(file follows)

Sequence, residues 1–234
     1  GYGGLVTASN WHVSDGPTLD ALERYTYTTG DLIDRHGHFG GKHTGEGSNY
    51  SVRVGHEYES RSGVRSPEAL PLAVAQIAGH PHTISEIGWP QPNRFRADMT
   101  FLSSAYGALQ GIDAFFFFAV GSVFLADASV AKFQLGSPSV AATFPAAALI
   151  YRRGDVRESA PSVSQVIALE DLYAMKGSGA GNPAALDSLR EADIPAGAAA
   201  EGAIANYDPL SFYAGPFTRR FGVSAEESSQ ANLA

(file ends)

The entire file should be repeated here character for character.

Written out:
Sequence, residues 1–234
     1  GYGGLVTASN WHVSDGPTLD ALERYTYTTG DLIDRHGHFG GKHTGEGSNY
    51  SVRVGHEYES RSGVRSPEAL PLAVAQIAGH PHTISEIGWP QPNRFRADMT
   101  FLSSAYGALQ GIDAFFFFAV GSVFLADASV AKFQLGSPSV AATFPAAALI
   151  YRRGDVRESA PSVSQVIALE DLYAMKGSGA GNPAALDSLR EADIPAGAAA
   201  EGAIANYDPL SFYAGPFTRR FGVSAEESSQ ANLA